In 2013, the world’s biggest artists created an unexpected amount of innovative, provocative music, often forsaking tried and true formulas. It seems this innovation race is being propelled from the bottom, largely by an extremely talented new crop of female singers.
This group has been able to take hold at a time when the most exciting music tends to transcend genre. What genre, for example, is James Blake, whose most famous song, “Retrograde,” is so compelling because it is so hard to describe?
The lack of genre in last year’s new releases can be seen in upstarts and superstars alike, as evidenced by a wide variety of artists, including Daft Punk, whose album “Random Access Memories” can be described as electronic, funk and disco; and Miley Cyrus, whose record “Bangerz” mixes hip hop and traditional pop elements.
The increased “genrelessness” of the music industry is a democratizing force, encouraging women in particular to take on leading roles at higher rates. And nowhere is music more “genreless” or democratic than within the loosely defined classification of indie pop. Rather than being a genre in the traditional sense, indie pop can best be described as sounds that tend to appeal to millennials. It includes elements of traditional pop, rock, folk, electronic and dance, among many other musical styles.
When genres were more restrictive, there was less room for women to take more substantive and creative roles in music making. Rock and hip hop, two of the most popular genres of the modern era, were almost exclusive boys clubs, with a few notable exceptions, like Lauryn Hill and Grace Slick. Pop, on the other hand, has featured many successful female singers, but usually forces them to conform to strict musical formulas and a hyper-sexualized aesthetic. The “genrelessness” of contemporary music, and indie pop in particular, has allowed women to be more experimental in their work, yielding the most artistically interesting crop of female artists popular music has ever seen.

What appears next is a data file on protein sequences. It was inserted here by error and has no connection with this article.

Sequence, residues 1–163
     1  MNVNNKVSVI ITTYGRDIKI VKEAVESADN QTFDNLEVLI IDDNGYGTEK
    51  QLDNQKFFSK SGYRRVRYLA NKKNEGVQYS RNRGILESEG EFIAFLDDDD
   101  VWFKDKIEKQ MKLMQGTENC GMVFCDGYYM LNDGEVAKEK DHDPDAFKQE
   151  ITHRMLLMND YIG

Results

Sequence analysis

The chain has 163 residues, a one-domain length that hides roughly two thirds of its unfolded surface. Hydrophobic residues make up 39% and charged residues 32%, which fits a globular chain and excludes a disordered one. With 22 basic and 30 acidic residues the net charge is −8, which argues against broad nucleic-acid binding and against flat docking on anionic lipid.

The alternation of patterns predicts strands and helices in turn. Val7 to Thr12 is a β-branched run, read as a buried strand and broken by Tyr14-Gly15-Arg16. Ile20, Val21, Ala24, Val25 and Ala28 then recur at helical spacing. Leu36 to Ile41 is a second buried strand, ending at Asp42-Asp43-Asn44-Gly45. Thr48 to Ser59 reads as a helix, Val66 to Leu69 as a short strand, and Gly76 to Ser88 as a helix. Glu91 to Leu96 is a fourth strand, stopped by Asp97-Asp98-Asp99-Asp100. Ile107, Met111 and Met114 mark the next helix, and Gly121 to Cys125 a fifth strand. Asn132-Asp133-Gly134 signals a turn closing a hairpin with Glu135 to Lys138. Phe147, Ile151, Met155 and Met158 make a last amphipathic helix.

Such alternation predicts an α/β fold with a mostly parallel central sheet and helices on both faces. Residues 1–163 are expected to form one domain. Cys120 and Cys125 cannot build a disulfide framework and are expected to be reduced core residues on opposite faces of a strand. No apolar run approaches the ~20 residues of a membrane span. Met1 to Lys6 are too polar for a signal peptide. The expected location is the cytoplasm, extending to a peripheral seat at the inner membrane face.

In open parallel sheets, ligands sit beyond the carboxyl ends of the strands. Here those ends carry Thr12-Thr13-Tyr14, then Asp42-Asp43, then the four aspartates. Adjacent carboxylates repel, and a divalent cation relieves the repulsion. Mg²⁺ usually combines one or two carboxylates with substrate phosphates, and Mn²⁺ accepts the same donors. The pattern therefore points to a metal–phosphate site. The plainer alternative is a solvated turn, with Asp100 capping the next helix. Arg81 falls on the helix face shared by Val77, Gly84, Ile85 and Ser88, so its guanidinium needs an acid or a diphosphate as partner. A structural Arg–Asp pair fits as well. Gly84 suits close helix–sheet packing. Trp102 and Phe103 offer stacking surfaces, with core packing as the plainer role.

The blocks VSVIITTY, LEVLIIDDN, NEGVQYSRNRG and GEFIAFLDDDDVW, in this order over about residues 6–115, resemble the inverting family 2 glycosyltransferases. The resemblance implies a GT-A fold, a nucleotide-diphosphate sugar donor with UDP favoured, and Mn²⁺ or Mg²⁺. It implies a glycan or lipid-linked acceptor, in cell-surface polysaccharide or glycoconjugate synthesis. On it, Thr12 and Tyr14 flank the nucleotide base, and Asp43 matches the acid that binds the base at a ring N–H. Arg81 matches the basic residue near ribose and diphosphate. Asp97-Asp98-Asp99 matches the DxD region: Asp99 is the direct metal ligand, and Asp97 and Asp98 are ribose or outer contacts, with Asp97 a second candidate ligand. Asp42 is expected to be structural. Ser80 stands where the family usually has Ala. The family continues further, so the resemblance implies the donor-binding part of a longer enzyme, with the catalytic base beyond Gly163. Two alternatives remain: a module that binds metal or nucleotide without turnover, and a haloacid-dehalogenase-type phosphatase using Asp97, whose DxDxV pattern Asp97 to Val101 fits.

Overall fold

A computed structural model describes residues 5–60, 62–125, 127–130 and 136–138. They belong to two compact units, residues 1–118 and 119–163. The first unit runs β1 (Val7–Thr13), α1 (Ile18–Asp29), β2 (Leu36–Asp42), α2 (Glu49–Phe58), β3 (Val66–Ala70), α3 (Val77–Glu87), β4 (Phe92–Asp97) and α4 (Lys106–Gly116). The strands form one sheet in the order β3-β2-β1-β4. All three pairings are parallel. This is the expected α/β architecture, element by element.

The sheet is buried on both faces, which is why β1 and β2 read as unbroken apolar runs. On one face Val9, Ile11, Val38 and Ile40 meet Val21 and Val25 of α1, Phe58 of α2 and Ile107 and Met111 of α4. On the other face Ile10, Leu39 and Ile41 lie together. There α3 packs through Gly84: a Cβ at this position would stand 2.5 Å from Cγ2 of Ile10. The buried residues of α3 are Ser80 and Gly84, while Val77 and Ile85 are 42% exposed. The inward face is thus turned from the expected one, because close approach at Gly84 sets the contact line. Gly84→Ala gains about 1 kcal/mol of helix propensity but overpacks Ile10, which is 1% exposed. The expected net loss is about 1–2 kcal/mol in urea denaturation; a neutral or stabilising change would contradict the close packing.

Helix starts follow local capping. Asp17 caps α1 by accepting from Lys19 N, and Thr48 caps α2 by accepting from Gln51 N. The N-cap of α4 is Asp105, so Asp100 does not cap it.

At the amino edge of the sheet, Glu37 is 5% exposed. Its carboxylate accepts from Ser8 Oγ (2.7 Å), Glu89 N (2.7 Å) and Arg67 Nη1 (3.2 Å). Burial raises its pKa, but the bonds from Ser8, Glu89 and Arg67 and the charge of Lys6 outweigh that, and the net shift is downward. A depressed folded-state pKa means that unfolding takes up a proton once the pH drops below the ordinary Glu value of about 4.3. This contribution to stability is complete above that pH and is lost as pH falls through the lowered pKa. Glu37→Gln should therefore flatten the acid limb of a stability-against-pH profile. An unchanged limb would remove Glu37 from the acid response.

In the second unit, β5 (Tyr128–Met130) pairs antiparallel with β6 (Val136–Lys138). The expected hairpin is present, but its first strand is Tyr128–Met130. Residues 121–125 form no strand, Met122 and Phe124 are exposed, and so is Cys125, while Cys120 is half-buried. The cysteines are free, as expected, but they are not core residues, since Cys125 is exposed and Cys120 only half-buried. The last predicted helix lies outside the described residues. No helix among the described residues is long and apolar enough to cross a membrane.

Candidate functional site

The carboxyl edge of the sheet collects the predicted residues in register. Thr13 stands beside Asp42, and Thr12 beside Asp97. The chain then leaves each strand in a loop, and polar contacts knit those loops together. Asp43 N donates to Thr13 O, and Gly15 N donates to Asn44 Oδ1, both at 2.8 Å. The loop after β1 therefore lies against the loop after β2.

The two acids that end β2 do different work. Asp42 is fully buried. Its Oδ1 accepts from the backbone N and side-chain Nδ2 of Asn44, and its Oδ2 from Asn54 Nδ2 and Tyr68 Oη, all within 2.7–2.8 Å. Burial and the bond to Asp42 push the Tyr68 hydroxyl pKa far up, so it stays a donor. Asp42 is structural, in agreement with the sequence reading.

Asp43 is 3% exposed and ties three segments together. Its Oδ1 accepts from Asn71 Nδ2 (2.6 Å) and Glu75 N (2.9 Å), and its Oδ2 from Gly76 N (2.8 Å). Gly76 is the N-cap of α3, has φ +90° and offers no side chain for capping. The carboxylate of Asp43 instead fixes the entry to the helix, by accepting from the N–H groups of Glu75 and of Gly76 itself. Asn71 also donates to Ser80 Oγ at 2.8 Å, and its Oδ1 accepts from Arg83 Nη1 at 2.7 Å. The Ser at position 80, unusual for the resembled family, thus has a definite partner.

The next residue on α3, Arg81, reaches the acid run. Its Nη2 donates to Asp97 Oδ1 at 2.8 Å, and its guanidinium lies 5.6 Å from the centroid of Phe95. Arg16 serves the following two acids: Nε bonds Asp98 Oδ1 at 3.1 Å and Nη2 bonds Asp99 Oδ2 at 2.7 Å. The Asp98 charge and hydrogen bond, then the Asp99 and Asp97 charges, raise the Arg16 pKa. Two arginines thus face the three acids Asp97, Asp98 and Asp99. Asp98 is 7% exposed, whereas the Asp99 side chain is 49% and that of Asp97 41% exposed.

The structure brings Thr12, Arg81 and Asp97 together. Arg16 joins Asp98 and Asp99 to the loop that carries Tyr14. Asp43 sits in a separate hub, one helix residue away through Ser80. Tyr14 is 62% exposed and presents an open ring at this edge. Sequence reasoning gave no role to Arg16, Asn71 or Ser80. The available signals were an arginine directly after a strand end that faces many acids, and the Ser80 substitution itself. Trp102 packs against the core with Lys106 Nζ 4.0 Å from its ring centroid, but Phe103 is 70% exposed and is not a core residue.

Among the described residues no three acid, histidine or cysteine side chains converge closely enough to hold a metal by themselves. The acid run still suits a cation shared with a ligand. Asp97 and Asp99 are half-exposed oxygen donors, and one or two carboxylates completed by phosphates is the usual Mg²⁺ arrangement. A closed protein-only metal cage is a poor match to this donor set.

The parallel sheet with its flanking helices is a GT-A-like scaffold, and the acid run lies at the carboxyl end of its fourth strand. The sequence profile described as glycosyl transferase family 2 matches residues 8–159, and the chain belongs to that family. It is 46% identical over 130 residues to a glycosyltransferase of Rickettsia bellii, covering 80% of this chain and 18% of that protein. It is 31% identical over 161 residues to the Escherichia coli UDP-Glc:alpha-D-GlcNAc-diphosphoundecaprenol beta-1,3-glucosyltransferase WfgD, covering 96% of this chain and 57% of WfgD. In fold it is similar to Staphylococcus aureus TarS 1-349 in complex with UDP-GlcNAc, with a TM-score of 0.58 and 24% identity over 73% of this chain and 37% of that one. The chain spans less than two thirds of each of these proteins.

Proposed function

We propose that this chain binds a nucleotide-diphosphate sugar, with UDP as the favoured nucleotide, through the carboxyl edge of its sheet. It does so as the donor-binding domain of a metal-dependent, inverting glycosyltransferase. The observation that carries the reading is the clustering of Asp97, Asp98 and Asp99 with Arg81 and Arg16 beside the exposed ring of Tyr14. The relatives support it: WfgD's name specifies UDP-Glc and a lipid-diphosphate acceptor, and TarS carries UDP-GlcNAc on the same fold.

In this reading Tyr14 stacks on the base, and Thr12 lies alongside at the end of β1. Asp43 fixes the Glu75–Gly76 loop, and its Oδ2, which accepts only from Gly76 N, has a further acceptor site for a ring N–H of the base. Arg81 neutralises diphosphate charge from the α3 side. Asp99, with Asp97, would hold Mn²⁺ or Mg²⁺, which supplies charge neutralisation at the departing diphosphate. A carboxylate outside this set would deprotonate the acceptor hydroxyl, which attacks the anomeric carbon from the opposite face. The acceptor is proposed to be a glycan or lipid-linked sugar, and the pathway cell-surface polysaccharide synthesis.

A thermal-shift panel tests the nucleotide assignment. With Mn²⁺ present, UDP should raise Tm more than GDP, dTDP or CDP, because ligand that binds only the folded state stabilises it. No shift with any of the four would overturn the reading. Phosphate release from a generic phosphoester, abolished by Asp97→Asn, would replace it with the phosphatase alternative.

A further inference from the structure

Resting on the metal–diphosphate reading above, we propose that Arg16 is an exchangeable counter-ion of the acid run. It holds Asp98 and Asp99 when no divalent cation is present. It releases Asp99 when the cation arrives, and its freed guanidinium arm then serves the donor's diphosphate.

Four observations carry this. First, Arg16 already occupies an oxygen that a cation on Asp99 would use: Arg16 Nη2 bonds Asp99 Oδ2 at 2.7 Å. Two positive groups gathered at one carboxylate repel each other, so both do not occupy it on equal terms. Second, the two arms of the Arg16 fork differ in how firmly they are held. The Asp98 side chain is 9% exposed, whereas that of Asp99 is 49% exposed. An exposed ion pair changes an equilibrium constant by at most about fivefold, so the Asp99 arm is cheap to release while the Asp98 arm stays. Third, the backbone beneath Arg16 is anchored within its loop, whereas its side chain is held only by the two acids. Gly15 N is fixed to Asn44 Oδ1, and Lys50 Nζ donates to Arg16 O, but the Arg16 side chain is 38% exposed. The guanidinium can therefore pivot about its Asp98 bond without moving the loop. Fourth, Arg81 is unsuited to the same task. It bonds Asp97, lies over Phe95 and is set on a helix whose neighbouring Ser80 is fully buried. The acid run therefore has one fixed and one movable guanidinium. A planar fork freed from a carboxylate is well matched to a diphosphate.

The mainstream began to feel the ubiquity of women in indie pop in 2013. Lorde was one of the most commercially successful indie pop artists this year, male or female, overshadowing Vampire Weekend, while critical darlings Sky Ferreira and CHVRCHES dominated music blogs. Lesser-known indie pop acts featuring female singers like MS MR, Quadron, and BANKS released fascinating music last year, and will certainly be worth watching in 2014 and beyond.
The demographic trends occurring in indie pop are beginning to be reflected in other genres as well. Singers like Janelle Monáe and HAIM, who can best be described as soul and rock, respectively, released some of the most original music of the year. The quality of music these women are producing is the engine that will force established artists, particularly the sorority of pop chanteuses that seem to have a monopoly on the genre, to come up with better music in 2014. We’ve already seen it with Katy Perry’s “Dark Horse” and Lady Gaga’s “Do What U Want.” Although this year’s most highly anticipated indie pop new releases are from male groups fun. and Foster the People, don’t be surprised if another Lorde single blindsides the competition.
It feels good to attribute the increasing role of women in music’s progress machine to improved gender equality, but perhaps there’s more to it. The trend also raises the question, is there something about the female voice that defines the moment in which we live?